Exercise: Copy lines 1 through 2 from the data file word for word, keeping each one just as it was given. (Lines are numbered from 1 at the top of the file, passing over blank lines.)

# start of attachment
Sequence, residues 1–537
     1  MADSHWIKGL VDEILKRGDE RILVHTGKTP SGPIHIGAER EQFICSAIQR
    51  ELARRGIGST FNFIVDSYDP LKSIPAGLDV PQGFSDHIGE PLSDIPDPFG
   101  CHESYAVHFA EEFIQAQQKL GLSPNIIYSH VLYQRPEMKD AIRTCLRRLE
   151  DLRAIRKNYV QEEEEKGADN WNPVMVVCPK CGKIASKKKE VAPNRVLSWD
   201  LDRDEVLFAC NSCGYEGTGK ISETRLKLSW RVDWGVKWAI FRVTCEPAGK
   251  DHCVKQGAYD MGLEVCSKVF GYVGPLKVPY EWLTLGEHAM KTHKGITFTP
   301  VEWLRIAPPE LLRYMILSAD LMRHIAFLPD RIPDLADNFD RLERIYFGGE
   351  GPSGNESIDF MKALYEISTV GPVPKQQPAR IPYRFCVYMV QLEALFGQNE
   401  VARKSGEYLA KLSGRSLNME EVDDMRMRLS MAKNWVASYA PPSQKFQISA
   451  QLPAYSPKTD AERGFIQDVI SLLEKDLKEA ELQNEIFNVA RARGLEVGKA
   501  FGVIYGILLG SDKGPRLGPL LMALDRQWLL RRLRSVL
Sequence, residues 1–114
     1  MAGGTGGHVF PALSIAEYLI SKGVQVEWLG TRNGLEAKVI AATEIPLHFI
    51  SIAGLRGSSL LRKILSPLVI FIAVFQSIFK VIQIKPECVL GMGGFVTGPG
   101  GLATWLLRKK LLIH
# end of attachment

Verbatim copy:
Sequence, residues 1–537
     1  MADSHWIKGL VDEILKRGDE RILVHTGKTP SGPIHIGAER EQFICSAIQR